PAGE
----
This book is a comprehensive and excellent introduction to the ever-expanding
field of Automatic Speech Recognition. Starting with models of speech
production, speech characterization, methods of analysis (transforms etc),
the authors go onto discuss pattern comparison, hidden Markov models (HMMs),
and design and implementation of speech recognition systems, right from
isolated word recognition to large vocabulary continuous speech recognition
systems. Neural networks and their use in speech recognition is also presented,
though somewhat briefly.
Rabiner was the author of the first widely-read tutorial on HMMs, so
naturally the presentation of HMMs is one of the strong points of this
textbook. The theory is developed in detail, but in an easy to follow
fashion, starting with the very basics and with plenty of helpful examples.
The implementation is discussed at great length as well, starting with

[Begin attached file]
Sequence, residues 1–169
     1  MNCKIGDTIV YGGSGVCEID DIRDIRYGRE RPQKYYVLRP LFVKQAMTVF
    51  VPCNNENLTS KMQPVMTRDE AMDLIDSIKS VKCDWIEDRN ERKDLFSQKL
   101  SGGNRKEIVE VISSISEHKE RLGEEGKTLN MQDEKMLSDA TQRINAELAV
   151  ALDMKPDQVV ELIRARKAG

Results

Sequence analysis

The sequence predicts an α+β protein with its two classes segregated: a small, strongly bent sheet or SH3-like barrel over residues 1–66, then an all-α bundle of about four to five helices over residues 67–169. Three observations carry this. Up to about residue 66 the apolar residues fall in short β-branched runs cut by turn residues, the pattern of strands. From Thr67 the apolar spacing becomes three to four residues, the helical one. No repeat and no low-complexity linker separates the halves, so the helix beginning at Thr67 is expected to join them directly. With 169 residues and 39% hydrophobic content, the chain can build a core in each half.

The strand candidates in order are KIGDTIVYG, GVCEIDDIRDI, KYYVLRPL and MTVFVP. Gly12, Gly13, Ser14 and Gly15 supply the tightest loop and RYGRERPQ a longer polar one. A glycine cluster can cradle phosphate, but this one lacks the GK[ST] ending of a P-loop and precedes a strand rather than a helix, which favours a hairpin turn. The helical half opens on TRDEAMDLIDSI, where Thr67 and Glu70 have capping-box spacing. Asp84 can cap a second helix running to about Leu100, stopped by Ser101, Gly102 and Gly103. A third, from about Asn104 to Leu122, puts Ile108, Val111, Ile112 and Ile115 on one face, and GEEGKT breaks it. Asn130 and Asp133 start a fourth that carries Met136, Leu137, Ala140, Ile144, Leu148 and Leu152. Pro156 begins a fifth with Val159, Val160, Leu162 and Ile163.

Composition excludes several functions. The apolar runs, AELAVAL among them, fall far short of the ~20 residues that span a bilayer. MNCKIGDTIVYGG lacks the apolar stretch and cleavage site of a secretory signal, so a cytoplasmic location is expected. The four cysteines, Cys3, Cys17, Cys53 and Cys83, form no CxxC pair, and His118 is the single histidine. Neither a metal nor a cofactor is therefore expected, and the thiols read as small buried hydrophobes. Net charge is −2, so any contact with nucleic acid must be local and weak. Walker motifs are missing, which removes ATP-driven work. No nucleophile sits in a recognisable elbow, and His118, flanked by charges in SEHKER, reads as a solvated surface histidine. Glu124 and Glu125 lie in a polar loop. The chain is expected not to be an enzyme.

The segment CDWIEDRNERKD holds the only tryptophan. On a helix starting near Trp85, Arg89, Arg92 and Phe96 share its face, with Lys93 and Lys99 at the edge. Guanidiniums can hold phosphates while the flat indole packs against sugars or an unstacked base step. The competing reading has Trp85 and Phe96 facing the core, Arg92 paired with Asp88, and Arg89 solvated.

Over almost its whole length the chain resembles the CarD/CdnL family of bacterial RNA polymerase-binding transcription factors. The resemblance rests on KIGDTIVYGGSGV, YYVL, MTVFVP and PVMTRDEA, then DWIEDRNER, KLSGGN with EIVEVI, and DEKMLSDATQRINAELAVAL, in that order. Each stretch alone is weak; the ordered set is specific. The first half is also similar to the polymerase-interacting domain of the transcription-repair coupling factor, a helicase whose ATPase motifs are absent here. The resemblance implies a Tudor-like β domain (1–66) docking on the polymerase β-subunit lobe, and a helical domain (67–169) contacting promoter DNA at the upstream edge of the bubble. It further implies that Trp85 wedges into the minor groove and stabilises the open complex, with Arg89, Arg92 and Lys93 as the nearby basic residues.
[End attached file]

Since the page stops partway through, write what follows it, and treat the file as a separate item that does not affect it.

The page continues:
the simplest of tasks and progressing to the state-of-the-art (circa 1993).
That isn't to say that HMMs are the only good part of this book - indeed,
practically every topic, whether it be perception, transforms, vector quantization
or dynamic programming, is presented with great clarity. This book really is easy to
learn from, with numerous examples and illustrations.
The field of speech recognition is inherently multi-disciplinary in nature,
drawing upon various areas of study, including Physics, Physiology, Acoustics,
Signal Processing and Computer Science, to name but a few. The authors do a
great job of explaining all these facets, as well as the mathematics that
is an essential tool.
The only caveat is that it's now a little old (published 1993), since the
field has been growing by leaps and bounds - so while the basics remain
the same, things have changed and hence what's said here should not be
taken as the last word on the subject.
Perhaps a new edition is due, and would certainly be most welcome.
However, for an excellent, accessible introduction to this exciting field,
this is still a great choice.